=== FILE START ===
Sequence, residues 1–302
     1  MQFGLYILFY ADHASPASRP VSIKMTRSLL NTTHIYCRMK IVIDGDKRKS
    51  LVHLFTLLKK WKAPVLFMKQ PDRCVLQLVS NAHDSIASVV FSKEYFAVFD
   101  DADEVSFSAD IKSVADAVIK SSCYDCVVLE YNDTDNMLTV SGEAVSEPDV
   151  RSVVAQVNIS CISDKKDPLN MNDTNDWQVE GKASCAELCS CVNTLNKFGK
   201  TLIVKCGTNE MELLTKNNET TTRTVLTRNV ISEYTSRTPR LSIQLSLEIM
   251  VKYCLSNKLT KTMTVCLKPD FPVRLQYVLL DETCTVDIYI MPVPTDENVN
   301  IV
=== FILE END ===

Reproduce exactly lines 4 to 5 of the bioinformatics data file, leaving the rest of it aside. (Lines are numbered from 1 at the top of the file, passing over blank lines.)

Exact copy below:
   101  DADEVSFSAD IKSVADAVIK SSCYDCVVLE YNDTDNMLTV SGEAVSEPDV
   151  RSVVAQVNIS CISDKKDPLN MNDTNDWQVE GKASCAELCS CVNTLNKFGK